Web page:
NO Is Not Enough

*Disclaimer: Contains spoilers

As someone who isn’t into politics but very into current events, the start of ‘No is not enough’ was smooth and easy to follow. It’s written by Naomi Klein, an author and social activist and someone who criticizes corporate globalization & capitalism.

Her writing style is extremely admirable. The book was first published in 2017, when Trump had been president for a while. Reading it in 2021 and seeing how some things went worse than she predicted, but others went better is jaw-dropping. So many harmful laws were passed within 4 years – which isn’t a short time, but not long either.

The book starts with an introduction to the word shock and shock societies, something Naomi has been studying large-scale for two decades. She uses the word “shock doctrine to describe the brutal tactic of using the public’s disorientation following a collective shock – wars, coups, terrorist attacks, market crashes or natural disasters – to push through radical pro-corporate measures”.

It’s split in four parts:
1. How we got here
2. Where are we now
3. How it could get worse
4. How things could get better

She discusses how Trump won the election by becoming the ultimate brand, and he wasn’t only a threat to the United States; a surge of authoritarian, xenophobic, and far-right politics was becoming a trend in many other countries as well.

I remember election day that year. A few schoolmates and I were in Denmark participating in a project. When we went to have breakfast, we saw the results of the polls and suddenly, collectively got a big gulp in our throats. It was a shock, indeed.

For the most part, there are discussions regarding climate change and mistakes that can cause permanent damage. She emphasizes that there were many other issues at the time which were as important as climate change, but climate change has a different relationship with time. It’s not something that we can just “fix” after four years when someone else is in office. One of the sub chapters is called “A very oily administration”, where she talks about how within days of Trump taking office, he pushed through the Dakota Access pipeline. Now, to people like myself, it does sound like something to be alarmed about because of the way she expresses her concerns, but I had been very much out of the loop when these things happened. Trump cleared the way to approve the Keystone XL pipeline from Alberta (CA), and was also committed to killing Obama’s Clean Power Plan.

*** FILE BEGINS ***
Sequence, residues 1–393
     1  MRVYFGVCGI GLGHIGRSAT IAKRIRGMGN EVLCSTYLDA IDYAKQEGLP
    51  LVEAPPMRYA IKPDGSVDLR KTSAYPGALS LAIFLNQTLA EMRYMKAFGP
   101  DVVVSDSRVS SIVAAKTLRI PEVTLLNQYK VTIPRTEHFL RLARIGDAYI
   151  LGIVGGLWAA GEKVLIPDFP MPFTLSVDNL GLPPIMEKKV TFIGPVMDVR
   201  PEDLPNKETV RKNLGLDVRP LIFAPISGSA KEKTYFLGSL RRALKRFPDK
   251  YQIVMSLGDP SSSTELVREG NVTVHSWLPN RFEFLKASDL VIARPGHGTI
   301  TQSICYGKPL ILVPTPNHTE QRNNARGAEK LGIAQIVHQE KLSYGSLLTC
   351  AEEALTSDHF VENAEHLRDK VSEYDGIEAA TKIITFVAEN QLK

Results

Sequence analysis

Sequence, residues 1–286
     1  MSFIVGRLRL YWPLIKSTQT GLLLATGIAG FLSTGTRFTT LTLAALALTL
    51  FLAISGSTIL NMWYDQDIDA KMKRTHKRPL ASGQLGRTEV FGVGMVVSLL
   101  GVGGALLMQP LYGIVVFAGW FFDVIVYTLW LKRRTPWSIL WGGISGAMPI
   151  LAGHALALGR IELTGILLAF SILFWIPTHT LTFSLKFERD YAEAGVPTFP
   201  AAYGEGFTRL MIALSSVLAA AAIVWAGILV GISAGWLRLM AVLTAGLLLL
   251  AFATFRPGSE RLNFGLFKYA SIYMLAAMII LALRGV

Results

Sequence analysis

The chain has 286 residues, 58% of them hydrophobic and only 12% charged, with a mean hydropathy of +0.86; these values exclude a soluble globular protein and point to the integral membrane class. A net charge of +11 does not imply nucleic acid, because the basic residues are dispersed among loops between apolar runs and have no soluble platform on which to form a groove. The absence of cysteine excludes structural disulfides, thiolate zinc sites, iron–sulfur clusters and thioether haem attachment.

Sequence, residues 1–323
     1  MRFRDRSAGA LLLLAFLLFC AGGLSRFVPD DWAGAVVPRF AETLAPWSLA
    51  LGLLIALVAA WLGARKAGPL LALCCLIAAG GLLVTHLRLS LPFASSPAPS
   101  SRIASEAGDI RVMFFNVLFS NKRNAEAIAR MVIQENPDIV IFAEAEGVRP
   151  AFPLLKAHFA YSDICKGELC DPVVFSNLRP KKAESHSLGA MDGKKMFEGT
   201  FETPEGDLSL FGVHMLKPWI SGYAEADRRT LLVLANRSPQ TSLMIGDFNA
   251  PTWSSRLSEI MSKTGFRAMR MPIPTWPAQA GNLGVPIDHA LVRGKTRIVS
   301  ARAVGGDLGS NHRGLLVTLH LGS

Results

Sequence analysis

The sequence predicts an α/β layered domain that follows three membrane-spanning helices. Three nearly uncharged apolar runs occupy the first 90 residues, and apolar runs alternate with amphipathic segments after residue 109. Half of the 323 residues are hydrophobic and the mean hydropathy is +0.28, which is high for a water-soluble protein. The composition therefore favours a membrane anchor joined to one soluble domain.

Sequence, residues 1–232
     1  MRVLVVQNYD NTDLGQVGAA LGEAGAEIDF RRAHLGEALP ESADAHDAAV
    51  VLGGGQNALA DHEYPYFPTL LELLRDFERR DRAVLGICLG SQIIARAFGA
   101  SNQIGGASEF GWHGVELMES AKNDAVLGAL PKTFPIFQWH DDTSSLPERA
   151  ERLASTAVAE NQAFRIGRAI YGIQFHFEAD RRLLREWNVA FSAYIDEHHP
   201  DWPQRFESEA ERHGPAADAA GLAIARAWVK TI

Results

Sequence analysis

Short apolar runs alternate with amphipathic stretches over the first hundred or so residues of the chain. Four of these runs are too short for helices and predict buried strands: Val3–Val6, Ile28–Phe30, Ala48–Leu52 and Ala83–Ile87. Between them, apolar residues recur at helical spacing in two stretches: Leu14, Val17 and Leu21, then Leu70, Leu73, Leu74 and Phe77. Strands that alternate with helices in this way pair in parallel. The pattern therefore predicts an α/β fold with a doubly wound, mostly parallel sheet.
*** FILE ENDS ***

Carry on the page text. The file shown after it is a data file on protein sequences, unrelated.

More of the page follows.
Besides shedding a light to all the irreversible mistakes that were made during that administration, she guides young activists to not just say ‘No’, but to take action instead. Oftentimes, No is indeed Not Enough, as history teaches us. For example the 2008 financial crisis; people in southern Europe occupied squares and plazas and stayed there for months. The oil spill in Santa Barbara in 1969 was another example of how people responded to the shock by demanding fundamental change.

Naomi and fellow activists started discussing the idea of a national meeting, which ultimately served as a catalyst for a deep transformation the society and economy needed and still need. This would ultimately turn into a “People’s Shock”, which later resulted in “The Leap Manifesto: A call for a Canada Based Caring for the Earth and One Another”.

The author has a crystal clear train of thought. For a book that is marked as a political book, her approach towards simplifying terms and storytelling is most definitely appealing even to people who aren’t necessarily into politics. Due to the nature of the book I’ve rated it as a 4/5; and I believe that all of us should become activists in order to make sure that No, is indeed, Not Enough.

My question to you is: Where were you when the results of the poll came in, and what were your first thoughts?

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